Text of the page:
Leaving Qatar aside, the Chairman asked HBJ for proposed next
steps. HBJ said he trusts the Saudis, but because they talk
openly to Egypt and do not want to create more problems for
Egypt than the Egyptian government already has, it is
essential to bring in the small countries and start there.

¶23. (C) HBJ suggested one or two GCC members, Morocco
(although the King there is hesitant) and Syria as the core
membership of an Arab League committee to address
Palestinian-Israeli concerns. HBJ told Senator Kerry the
inclusion of Syria might surprise him, but having Syria play
a role would create jealousy among the Arabs. Some jealously
and rivalry is just what the U.S. needs, opined HBJ, to get
the process moving.


¶24. (C) Turning to Iran, Senator Kerry said he understood
Qatar’s need to find the right balance in dealing with bigger

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neighbors, especially Iran given the natural gas field both
share. Due to the working relationship Qatar maintains with
Iran, the Chairman asked HBJ for his advice as the
international community becomes more serious about economic
sanctions against Iran.

¶25. (C) HBJ said Iran’s president views the U.S. as a country
that is overstretched and in difficulty as a result of too
many commitments. Iraq, Afghanistan, and the U.S. economy
are the three main problems President Ahmadinejad sees. HBJ
observed that a Western attack against Iran for Ahmadinejad
would be good politics, because it would allow him to take
out his opposition using the war as a pretext. Senator Kerry
asked clarification of whether Ahmadinejad had said these
things, or if HBJ inferred them from conversation.

¶26. (C) Qatar’s PM said Ahmadinejad had told him, “We beat
the Americans in Iraq; the final battle will be in Iran.”

¶27. (C) HBJ said putting economic pressure on Iran is the
best way to get the leadership to rethink its quest for
nuclear weapons. To be successful, he told Senator Kerry,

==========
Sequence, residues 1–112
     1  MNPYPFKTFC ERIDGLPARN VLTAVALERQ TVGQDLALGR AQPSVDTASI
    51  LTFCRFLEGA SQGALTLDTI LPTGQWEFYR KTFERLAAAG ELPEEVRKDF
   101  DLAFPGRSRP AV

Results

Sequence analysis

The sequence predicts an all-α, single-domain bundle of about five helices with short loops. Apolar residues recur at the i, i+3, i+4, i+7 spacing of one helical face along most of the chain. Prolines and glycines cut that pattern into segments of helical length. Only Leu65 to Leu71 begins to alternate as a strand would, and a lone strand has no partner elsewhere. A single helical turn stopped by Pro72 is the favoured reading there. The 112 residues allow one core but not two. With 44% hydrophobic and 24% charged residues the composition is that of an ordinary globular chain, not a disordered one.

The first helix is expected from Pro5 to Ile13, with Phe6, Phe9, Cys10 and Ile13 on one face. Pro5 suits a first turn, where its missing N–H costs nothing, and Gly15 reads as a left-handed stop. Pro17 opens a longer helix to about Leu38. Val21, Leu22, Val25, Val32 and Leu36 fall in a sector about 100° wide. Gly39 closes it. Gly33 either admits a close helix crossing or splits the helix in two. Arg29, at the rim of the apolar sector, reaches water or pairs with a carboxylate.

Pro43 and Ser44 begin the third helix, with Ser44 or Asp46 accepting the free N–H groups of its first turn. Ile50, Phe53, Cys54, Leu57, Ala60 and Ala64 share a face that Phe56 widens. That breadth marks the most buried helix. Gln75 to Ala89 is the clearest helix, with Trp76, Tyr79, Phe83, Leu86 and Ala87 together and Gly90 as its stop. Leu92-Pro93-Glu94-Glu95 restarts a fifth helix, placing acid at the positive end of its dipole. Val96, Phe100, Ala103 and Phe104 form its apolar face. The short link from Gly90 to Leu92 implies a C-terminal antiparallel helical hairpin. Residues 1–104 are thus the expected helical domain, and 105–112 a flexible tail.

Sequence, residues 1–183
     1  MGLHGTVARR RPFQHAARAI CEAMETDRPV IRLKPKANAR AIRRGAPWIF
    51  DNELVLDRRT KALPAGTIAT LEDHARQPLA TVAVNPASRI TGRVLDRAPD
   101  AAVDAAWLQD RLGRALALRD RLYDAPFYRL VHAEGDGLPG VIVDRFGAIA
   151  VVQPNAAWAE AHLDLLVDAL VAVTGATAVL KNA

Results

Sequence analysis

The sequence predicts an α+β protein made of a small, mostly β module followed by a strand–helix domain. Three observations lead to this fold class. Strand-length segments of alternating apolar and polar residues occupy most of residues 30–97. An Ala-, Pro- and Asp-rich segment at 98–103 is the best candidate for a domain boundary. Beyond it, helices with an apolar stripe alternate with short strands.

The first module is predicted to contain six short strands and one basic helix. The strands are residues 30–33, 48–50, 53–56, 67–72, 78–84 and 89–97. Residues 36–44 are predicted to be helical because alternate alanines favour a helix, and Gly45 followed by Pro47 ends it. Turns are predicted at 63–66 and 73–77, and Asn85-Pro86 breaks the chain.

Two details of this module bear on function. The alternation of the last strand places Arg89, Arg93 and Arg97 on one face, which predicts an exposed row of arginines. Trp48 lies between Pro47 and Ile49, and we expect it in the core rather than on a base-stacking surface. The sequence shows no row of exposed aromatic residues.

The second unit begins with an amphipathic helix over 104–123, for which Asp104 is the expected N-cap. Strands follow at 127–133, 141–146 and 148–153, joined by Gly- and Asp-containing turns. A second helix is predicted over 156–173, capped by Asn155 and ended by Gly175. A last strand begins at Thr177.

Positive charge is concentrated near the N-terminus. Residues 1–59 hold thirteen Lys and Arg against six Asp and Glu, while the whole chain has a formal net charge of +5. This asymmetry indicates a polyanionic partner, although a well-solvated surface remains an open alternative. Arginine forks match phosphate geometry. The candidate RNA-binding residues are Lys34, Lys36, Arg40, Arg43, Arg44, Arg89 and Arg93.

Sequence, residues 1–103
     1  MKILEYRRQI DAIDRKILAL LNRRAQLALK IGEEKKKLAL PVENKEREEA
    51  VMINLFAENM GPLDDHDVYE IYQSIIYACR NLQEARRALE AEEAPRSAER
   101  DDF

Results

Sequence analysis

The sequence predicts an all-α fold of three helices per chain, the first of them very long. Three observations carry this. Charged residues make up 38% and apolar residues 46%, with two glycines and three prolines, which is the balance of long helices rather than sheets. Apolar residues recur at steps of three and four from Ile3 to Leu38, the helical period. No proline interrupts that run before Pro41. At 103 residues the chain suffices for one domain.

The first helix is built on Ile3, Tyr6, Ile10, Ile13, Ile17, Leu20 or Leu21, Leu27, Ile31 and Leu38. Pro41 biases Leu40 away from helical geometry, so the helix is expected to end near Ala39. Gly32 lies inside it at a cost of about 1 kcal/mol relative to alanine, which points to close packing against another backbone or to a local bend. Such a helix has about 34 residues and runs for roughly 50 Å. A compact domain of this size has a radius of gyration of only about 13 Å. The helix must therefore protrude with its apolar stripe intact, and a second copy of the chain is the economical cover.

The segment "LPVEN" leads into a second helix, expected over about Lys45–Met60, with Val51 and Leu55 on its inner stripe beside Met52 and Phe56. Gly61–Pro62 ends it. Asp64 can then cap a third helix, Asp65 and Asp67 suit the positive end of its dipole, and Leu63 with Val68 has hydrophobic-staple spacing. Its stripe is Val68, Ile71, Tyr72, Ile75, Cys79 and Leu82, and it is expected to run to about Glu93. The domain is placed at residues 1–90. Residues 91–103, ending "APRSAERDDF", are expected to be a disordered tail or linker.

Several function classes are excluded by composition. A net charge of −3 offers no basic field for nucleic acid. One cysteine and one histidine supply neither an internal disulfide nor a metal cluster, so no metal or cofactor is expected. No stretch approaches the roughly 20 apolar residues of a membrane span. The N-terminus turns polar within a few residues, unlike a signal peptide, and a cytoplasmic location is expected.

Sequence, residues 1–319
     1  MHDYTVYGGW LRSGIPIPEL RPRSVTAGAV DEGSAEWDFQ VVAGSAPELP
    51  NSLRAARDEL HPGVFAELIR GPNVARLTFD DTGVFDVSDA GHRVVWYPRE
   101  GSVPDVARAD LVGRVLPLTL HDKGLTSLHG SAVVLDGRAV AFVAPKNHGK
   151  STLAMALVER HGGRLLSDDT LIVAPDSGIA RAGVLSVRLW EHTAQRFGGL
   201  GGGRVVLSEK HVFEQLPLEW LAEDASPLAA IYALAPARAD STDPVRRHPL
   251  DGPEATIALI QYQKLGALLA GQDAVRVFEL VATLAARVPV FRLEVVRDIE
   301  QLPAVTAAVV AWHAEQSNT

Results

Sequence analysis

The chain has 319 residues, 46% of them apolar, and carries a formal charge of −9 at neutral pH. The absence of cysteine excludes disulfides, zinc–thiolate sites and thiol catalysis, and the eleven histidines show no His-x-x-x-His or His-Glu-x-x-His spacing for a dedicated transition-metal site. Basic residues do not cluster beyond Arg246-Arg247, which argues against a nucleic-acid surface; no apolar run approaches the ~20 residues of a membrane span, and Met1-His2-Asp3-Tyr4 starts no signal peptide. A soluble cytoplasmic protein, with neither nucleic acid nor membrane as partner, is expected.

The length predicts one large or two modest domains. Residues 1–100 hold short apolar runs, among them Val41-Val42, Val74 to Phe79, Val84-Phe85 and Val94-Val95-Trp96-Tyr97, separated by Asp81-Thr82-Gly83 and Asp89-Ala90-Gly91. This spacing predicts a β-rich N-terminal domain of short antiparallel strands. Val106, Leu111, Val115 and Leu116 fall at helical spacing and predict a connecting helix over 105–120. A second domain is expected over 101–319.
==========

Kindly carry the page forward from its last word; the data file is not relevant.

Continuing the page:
Russia would definitely have to be on board, as would the
Central Asian countries bordering Iran that provide food and

¶28. (C) Asked his perception of the state of play with the
opposition, HBJ said the U.S. had done a good job of standing
back and not becoming the symbol of the opposition. Cracks
in the regime are appearing. It is highly significant that
many demonstrators ignored Khamenei when he called on them to
stop their protests. The four key pillars of Iranian power
— the court, oil sector, imams, and Revolutionary Guards —
all must stick with him, stressed HBJ. There are cracks in
the system, but the downfall of the regime may not be in the

¶29. (C) Asked what the sanctions should target, HBJ said the
money that Iran derives from oil. Depriving Tehran of this
revenue would force the regime to negotiate.

¶30. (C) Senator Kerry observed that Ahmadinejad was making it
easier by his actions. There is wide consensus in the
Executive and Legislative branches of Washington to press
ahead. Senator Kerry warned that Ahmadinejad “should not
equate Afghanistan and Iraq with what he faces.”

¶31. (C) HBJ encouraged Chairman Kerry to bear in mind that
Iran is clever and makes its opponents dizzy in the quest for
deals. They will keep you working on a deal and then start
from scratch with a new interlocutor. HBJ stressed that Iran
will make no deal. Iran wants nuclear weapons, and HBJ said
he would not be surprised to see Iran test one to demonstrate
to the world its achievement.

¶32. (C) On Lebanon, Senator Kerry asked if Iran and Hizballah
are ratcheting up their weapons stockpiles as part of Iran’s
war against Israel. HBJ affirmed that is the case.


¶33. (C) On Iraq, HBJ told Senator Kerry that Prime Minister
Al-Maliki wants a Shia state, even though the Sunnis (when
you count Kurds and non-Kurds) have the majority.

¶34. (U) CODEL Kerry has cleared this message.